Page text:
There are several of these, but these are the 5 most common things I've found engineers in my experience hesitate to do because it might make them feel less of an engineer or worse less "senior" as an engineer or developer.
The 5 things you definitely shouldn't be ashamed of as a developer:
It's okay to allow for some repeatability in your code as an offset for developer readability. Remember your code is only as good as it is easy to understand and debug when the time comes.
Code can ALWAYS be faster, there are always ways of making it more performant, you just need to maintain a good balance between readability and performance.
It's okay to not be the "fastest" developer. A common misconception in the industry that a "fast" dev or a dev who smashes out code is a better than one who might take a little longer. It's okay to take time and examine the architectural consequences for developing a feature set
3. The choice for today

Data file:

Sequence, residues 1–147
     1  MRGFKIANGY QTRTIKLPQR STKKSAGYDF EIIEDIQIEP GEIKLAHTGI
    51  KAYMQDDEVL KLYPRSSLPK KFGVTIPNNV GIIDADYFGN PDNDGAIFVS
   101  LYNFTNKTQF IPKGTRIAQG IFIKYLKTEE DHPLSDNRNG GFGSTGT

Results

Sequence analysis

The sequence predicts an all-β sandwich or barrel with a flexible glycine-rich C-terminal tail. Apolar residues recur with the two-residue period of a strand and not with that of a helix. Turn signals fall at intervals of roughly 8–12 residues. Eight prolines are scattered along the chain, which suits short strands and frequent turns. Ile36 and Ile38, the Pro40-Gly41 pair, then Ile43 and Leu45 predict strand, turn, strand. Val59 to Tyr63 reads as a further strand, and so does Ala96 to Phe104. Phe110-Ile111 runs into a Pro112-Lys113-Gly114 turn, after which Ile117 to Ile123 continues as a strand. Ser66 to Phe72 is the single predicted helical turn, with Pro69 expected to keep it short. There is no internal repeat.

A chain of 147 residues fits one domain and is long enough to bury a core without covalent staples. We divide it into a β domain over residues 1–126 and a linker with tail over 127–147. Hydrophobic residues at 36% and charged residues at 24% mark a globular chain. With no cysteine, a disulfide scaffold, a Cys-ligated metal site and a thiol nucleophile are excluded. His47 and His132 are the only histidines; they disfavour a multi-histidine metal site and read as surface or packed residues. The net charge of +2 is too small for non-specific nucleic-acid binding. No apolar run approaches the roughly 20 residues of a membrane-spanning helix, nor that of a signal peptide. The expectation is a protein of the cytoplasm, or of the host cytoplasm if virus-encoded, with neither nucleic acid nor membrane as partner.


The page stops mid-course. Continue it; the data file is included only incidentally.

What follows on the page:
Everything you write today will be replaced eventually, don’t get too attached to solutions, get attached to problems.
It's okay to not be too happy with your solution for today and come back and optimise it down the track.
4. Asking for help
Honestly, senior or junior - you should ask for help when you need to. We have a rule, if you spend more than 10-20 mins on something, just ask someone, 2 heads always beat 1 head.
However, always try your best to improve your "solution finding" skills if don't have time to improve on your "problem solving" skills. Asking the right question is half the battle.
5. The language
Not knowing every corner of the language is fine. It makes no sense to learn every single thing about a language and not build in the end. It's an iterative process, understand core principles really well, and all the sugar syntax can come when you face the problem - google it.
Learning every bit of a language without actually using it in production to solve problems is the equivalent of knowing every rudimental in drumming but not being able to piece together an actually good beat.
These are the things we've tried to employ at the engineering culture at five2one.com.au. There's a long journey ahead to building an even better culture and we're pushing for it every day!
I'd love to hear your thoughts/additions or edits in the comments section 💪
If you liked this, definitely follow me on for the similar stuff: